Bettina Blümner • Director of Vamos a la playa
“Humour is how we cope with life, especially today”
by Marta Bałaga
- In the German director’s awkward new movie, privilege meets good intentions, to amusing effect
Fresh off its world premiere at the Zurich Film Festival, Bettina Blümner’s Vamos a la playa [+see also:
interview: Bettina Blümner
film profile] is heading to the Cologne Film Festival next, where it will introduce a different audience to Katharina, Judith and Benjamin, who fly to Cuba to find their friend Wanja. But a relaxing time on the beach is just not on the cards, as tensions start to run high.
Cineuropa: The film is set in Cuba. Why did you want to show these kids, be they privileged, spoiled or well-meaning, faced with a world so different from their own?
Bettina Blümner: For me, it’s also a personal story. I studied at the Filmakademie Baden-Württemberg and then went to Cuba for a student exchange. When I was there, I experienced the same feelings. As a Western European, you notice these differences – not only cultural ones, but materialistic ones as well. This film is about all these contradictory emotions, about people trying to behave the “right” way, but not knowing exactly what it is.
Money certainly seems to be very important in this story – you have one character who literally tries to buy people, while the other wants to help a family out. It’s all very awkward.
It’s one of the things you notice when you get there. You go: “How can I help?” Wanja, played by Jakub Gierszał, tries to do just that. But is that really what he should be doing? Katharina is looking for a connection with Cuban men, basically turning to sex tourism. It’s about all these differences and the many questions they raise. I don’t have any clear answers, I am afraid, but maybe you can start wondering about it as a viewer as well.
Everyone here is unsatisfied and frustrated with this holiday, in so many different ways. There is something funny about it, though. Is this your sense of humour?
I am glad that you found it funny, as it’s a tragicomedy. Humour is a great way of dealing with our problems. It’s how we survive and cope with life, especially today. That being said, I think it would be much easier to make a typical drama. You win more awards that way, and go to more festivals. Still, it’s interesting to bring in subtle humour sometimes. I wanted to make a film that would be entertaining but also quite serious. I think that’s how I experience things, noticing these two sides, and I appreciate other films that try to convey it.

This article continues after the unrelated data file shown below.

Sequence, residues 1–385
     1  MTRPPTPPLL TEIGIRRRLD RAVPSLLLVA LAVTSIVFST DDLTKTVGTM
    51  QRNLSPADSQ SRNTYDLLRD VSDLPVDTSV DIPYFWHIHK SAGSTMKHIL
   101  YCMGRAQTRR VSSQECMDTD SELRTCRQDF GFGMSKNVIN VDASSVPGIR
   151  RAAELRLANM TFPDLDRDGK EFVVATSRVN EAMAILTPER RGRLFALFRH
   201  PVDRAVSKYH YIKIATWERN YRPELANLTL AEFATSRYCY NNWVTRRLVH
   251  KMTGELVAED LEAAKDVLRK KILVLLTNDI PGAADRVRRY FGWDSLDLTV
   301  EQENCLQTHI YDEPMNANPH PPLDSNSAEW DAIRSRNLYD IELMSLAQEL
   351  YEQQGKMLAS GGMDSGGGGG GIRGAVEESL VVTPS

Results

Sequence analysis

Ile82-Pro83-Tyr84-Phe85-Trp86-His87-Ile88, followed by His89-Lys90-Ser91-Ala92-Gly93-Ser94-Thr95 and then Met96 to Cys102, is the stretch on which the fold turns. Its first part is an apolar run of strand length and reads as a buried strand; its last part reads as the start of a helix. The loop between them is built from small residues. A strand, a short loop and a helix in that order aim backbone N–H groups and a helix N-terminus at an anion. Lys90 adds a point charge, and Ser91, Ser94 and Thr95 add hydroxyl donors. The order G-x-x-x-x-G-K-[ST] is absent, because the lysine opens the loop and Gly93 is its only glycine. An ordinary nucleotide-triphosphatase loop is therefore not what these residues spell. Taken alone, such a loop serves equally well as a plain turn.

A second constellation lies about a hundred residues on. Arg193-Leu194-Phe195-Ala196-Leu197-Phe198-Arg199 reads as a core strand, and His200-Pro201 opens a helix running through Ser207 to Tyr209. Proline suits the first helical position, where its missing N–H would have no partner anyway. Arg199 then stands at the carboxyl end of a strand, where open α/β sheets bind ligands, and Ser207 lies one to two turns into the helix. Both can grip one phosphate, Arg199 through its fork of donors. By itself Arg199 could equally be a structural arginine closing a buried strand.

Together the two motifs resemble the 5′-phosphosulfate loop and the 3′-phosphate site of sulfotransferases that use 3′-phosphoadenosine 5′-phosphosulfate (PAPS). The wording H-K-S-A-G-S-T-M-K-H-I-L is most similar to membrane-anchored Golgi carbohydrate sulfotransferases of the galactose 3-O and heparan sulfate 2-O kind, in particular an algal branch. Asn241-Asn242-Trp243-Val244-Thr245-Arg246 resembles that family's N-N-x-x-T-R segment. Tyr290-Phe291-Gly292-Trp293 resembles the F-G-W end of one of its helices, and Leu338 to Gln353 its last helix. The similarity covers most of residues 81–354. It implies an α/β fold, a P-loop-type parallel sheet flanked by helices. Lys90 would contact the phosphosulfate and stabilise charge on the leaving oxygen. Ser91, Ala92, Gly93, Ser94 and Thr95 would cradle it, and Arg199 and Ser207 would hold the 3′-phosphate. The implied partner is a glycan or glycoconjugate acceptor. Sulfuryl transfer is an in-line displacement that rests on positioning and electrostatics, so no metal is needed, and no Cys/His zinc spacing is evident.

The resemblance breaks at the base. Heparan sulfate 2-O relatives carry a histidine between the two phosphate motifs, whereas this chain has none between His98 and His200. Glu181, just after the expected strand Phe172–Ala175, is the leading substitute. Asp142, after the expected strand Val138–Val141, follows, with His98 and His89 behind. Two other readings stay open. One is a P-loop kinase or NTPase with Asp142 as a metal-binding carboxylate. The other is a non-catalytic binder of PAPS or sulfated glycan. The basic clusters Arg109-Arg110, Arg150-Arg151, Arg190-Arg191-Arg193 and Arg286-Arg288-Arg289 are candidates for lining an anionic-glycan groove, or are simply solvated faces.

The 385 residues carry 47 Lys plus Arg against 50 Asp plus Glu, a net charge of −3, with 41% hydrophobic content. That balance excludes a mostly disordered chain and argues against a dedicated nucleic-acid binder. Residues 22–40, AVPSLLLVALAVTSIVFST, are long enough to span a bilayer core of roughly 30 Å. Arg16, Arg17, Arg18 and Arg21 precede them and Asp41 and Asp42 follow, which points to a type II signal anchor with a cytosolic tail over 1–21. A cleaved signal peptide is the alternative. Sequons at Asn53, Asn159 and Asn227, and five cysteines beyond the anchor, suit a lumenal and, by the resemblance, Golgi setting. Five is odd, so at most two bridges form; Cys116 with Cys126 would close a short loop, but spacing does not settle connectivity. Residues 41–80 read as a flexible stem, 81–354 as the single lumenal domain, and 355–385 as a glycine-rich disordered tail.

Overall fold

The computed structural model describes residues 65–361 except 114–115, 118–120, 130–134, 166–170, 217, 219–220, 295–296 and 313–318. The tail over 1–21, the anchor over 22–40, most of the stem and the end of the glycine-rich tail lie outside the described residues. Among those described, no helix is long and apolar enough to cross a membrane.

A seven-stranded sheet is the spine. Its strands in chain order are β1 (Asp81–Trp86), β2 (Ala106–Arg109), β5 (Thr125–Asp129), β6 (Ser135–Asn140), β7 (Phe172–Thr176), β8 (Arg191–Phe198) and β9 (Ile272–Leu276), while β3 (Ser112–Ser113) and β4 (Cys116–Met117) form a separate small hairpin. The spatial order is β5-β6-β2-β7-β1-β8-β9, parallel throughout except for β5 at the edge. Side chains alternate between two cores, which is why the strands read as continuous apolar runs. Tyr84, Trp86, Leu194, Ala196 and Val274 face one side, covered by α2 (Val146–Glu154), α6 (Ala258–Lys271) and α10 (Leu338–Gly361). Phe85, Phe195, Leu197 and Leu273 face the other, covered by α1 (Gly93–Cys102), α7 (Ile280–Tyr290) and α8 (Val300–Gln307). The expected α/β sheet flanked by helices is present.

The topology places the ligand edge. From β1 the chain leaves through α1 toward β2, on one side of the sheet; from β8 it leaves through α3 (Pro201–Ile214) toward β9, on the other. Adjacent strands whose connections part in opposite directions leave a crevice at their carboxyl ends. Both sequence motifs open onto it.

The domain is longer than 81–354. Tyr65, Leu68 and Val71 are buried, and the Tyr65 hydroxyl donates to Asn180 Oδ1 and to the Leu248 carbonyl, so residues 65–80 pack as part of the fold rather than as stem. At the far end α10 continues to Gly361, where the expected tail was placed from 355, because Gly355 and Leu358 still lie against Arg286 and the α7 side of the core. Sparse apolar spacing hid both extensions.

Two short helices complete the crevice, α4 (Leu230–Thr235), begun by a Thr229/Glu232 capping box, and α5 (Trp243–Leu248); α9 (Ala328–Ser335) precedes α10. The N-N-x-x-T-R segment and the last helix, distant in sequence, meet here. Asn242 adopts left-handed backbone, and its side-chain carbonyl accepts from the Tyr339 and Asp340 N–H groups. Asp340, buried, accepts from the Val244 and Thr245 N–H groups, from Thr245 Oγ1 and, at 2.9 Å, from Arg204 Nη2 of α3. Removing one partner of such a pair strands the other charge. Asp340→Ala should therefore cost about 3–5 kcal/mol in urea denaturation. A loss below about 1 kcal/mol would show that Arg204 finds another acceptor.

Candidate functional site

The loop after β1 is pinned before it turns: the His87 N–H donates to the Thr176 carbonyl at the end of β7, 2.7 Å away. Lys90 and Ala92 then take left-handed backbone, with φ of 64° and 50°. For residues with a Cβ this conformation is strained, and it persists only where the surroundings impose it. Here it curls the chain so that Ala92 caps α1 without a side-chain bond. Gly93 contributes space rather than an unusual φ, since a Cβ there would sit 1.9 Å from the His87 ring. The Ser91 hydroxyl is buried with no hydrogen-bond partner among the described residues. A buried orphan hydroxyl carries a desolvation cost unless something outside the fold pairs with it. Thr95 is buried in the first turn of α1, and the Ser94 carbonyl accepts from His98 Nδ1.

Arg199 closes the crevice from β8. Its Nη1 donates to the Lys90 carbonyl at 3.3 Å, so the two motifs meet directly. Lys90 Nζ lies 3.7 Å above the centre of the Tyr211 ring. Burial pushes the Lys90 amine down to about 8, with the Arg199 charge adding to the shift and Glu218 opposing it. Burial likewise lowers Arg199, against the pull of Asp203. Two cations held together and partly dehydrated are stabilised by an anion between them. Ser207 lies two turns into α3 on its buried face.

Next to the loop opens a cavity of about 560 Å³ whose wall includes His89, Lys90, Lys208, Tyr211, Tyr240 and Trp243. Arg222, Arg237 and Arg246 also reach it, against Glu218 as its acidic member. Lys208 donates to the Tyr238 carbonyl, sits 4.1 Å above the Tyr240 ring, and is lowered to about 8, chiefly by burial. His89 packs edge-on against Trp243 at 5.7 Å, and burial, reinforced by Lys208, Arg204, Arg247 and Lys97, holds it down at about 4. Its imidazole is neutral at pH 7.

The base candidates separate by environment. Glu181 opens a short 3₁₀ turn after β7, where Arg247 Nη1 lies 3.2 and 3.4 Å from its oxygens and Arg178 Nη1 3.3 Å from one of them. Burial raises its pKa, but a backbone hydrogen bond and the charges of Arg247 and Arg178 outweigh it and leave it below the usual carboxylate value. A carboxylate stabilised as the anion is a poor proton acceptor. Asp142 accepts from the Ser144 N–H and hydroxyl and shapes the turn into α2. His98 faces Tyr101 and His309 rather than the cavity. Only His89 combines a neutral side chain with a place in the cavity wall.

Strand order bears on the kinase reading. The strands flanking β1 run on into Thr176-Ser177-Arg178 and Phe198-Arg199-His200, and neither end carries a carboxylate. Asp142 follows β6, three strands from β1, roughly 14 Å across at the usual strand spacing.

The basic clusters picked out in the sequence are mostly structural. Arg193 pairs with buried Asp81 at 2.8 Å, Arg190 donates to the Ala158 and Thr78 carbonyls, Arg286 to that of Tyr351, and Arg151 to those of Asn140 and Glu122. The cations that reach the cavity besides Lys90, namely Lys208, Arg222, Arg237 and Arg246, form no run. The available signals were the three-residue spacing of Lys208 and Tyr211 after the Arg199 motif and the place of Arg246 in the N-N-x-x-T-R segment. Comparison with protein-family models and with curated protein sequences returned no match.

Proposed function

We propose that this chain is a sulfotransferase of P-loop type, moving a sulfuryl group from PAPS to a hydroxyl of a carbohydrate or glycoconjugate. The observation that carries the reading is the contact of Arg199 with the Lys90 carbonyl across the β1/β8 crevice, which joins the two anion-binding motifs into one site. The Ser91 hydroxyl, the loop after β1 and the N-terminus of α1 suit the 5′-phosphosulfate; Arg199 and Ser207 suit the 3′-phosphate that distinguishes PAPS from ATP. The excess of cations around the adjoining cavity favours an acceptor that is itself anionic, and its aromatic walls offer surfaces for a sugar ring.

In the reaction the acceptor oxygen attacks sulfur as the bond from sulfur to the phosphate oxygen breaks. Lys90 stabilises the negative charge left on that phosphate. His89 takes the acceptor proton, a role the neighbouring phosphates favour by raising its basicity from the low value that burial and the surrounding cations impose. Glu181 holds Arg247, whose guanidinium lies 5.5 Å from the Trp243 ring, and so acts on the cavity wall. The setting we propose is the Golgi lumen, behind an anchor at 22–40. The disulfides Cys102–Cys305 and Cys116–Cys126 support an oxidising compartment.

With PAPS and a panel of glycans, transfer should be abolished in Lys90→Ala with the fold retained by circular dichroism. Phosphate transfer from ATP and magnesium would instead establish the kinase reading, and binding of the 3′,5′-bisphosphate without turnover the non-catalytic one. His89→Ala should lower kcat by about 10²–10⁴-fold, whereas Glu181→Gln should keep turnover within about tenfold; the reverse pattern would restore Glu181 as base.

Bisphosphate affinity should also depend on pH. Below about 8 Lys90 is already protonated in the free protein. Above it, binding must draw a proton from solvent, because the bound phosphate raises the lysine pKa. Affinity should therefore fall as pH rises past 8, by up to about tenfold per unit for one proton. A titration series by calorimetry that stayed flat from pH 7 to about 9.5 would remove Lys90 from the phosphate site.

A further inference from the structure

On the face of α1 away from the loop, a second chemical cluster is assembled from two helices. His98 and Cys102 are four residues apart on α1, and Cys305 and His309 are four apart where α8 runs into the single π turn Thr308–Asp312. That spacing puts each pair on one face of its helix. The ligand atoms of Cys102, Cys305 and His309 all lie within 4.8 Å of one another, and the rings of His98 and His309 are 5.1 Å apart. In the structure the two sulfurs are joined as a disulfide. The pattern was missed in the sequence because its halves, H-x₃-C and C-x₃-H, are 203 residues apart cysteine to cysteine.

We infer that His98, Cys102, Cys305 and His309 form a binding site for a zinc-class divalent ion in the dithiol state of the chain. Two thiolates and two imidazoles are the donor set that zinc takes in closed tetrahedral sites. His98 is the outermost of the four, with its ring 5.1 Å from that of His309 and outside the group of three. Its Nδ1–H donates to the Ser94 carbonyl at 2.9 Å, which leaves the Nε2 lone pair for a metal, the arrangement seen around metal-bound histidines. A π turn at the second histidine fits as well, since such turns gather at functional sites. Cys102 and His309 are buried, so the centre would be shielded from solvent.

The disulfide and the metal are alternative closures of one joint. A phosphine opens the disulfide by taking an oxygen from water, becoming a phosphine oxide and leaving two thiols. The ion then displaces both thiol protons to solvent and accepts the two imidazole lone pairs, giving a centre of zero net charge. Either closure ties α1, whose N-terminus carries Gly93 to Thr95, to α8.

You do not shy away from intimacy or sexuality either, although it’s not always fully realised.
Sex and money go well together in this film. Katharina wants to pay to get it, while Benjamin declares that he could never have sex with someone he doesn’t love. In the end, they do the exact opposite of what they had planned. I think this story really relies on these characters, on what they want and what they ultimately get. Which is not what they expected at all.
My actors really committed to their roles. It was an intense shoot. We went to Cuba and just stayed there. You could say that we actually went on this journey together. I asked them to film themselves – which you can see in the film – and at one point, they didn’t know what was coming from them and what was coming from the characters in the movie.
Why the decision not to show any adults?
Katharina and Wanja’s father is the only one they keep mentioning. We did shoot a scene where he was featured, asking Benjamin to go to Cuba and to look for his son. But it was more interesting to just have them figure things out on their own. When they do find Wanja, it’s almost anticlimactic. Nothing comes of it, really. It’s more their story, how they develop throughout this journey. They don’t behave how they thought – or wished – they would.
Your film brings to mind the “white saviour” trope. It’s almost odd to see young people – including this boy – repeating the same patterns.
It’s good to help, but how do you go about it? Wanja is spending his father’s money. Our Cuban actor was nervous when we were shooting that scene in the store, and so was I. It’s an odd mix of naivety and good intentions you can see there, and Jakub plays it so well.
It was hard to finance this movie. Many people said they would rather see these events play out from the Cuban perspective, but that’s not what I know. I made two documentaries in Cuba before, but I wouldn’t want to pretend I am a Cuban filmmaker. I came up with this idea 18 years ago. Six years ago, I got the Wim Wenders scholarship and could finally focus on it. It feels great that it’s finally out.
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